In response to Harvest's contention that the management's incentives are not sufficiently aligned with the interests of shareholders, Green Dot announced changes to its executive compensation practices. Harvest argued that the changes are insufficient.
Since late January, when the Harvest launched its public campaign, Green Dot's stock price has risen by 34%. Shares closed Thursday at $23.19, which is almost exactly where the stock was just prior to the massive one-day decline four years ago.
Unsurprisingly, both sides are taking credit for the recent improvement. Green Dot points to its new six-step plan to boost earnings as the driver of the stock price boost. Harvest credits its campaign for change at the top of the company.
Berlin, the analyst who covers Green Dot, argued that it does not matter who gets credit for the stock price improvement.
"Harvest has pointed to things that made sense, and Green Dot's reacted in a way that's made sense. And the stock has come up as a result," he said.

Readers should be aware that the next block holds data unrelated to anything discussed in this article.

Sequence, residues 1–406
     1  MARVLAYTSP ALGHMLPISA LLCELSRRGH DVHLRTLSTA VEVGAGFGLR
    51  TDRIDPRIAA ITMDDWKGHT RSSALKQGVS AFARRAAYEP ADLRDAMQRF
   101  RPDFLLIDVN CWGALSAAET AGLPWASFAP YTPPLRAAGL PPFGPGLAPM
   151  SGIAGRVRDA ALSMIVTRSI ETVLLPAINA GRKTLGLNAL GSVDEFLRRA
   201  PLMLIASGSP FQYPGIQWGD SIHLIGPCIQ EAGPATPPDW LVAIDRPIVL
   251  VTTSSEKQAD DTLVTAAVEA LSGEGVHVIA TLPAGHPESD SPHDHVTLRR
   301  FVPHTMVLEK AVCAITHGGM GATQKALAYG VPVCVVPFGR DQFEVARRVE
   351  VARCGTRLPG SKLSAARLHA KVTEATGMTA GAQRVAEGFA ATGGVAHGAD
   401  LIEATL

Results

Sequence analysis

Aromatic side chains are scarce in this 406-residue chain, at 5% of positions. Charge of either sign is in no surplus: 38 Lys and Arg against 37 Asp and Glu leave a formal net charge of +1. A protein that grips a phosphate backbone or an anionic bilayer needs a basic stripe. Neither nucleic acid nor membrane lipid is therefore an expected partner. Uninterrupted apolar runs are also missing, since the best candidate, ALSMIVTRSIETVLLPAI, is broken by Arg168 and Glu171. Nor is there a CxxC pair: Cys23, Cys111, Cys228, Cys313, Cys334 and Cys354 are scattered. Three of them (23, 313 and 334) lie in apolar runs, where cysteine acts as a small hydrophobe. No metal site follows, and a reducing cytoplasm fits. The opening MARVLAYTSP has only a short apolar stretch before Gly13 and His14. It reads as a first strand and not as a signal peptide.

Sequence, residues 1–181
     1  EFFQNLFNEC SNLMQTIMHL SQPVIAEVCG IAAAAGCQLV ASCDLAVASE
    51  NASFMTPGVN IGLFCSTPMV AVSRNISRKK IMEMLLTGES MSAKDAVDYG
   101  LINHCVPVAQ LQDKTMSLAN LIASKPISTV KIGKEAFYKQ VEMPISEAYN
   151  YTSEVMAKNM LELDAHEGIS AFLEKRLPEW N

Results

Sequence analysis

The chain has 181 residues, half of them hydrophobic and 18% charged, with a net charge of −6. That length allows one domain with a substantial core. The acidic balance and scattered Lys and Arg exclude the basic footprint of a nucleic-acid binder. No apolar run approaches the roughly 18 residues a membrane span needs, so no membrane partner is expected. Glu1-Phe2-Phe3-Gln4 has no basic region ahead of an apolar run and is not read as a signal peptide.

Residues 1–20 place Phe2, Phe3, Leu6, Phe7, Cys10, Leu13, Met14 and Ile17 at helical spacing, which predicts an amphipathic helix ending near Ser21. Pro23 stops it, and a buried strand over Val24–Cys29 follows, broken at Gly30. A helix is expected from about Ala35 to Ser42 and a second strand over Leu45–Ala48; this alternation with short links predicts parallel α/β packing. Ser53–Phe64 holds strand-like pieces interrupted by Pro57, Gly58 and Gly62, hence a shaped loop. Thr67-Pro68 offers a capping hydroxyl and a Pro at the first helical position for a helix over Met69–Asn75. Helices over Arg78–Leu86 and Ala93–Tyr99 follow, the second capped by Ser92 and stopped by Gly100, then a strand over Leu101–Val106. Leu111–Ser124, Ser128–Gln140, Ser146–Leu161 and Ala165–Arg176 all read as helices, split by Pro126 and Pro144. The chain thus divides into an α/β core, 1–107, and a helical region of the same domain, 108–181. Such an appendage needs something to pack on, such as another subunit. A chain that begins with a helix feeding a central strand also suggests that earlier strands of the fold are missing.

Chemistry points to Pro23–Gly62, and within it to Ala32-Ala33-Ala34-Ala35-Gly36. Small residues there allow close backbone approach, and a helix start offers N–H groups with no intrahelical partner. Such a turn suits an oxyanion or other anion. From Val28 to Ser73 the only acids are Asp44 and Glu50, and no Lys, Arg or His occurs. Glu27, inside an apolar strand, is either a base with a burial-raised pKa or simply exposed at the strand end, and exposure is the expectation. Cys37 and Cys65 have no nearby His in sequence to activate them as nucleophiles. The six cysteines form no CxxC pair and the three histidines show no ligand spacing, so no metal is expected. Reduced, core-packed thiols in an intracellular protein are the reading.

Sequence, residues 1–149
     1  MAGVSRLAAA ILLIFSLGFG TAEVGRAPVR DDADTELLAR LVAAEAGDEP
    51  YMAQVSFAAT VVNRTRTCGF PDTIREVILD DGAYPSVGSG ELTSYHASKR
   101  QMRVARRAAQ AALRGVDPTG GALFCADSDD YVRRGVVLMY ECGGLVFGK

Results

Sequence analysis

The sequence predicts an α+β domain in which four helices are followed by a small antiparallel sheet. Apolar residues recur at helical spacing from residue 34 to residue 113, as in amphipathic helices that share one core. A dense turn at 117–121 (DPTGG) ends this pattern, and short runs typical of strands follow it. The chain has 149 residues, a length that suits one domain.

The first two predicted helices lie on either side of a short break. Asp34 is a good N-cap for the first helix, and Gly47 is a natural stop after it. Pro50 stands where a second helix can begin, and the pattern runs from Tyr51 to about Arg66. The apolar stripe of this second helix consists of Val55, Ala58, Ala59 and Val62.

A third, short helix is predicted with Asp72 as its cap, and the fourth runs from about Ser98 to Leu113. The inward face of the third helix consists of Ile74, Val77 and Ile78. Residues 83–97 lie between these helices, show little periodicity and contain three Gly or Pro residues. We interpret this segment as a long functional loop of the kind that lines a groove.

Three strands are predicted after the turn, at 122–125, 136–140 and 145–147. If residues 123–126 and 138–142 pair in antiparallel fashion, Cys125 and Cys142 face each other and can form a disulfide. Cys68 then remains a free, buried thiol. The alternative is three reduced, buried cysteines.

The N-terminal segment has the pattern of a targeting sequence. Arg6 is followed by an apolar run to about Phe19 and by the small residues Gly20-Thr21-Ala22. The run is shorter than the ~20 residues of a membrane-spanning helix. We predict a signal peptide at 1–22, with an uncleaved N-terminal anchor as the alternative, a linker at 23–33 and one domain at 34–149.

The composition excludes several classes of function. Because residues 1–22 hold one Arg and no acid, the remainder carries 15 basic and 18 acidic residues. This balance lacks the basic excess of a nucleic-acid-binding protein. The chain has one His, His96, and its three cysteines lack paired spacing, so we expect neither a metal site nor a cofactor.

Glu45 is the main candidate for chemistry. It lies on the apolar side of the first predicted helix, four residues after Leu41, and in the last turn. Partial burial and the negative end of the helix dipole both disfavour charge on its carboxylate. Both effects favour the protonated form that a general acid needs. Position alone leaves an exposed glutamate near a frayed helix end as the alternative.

But if anything, the contest has become even uglier and more personal in recent weeks, as Green Dot has sought to disparage two of Harvest's board nominees.
On the firm's most recent earnings call, Streit said that Fanlo and Livingston have been deemed "unfit to serve" on Green Dot's board, based on findings from an independent third-party investigative firm.
Those remarks drew a strong retort from Harvest, which called Green Dot's efforts a "hapless and disingenuous smear campaign." Harvest declined to make Fanlo and Livingston available for interviews.
"Unfortunately, since the current Board does not believe it can win on the merits, the Company has recently resorted to highly unprofessional and unethical personal attacks against our director nominees that are clearly based on misleading gimmicks and false information," Harvest stated in a May 9 letter to shareholders.
No Room for Compromise
The public nature of the fight between Harvest and Green Dot makes a negotiated outcome less likely, said Daniel Siciliano, a corporate governance expert at Stanford Law School.
"Once you go down that road, it is pitched battle," he said.
"They either get most or all of what they want, or they don't," Siciliano added, referring to shareholders who adopt a confrontational approach. "There's an unlikely to be an in-between."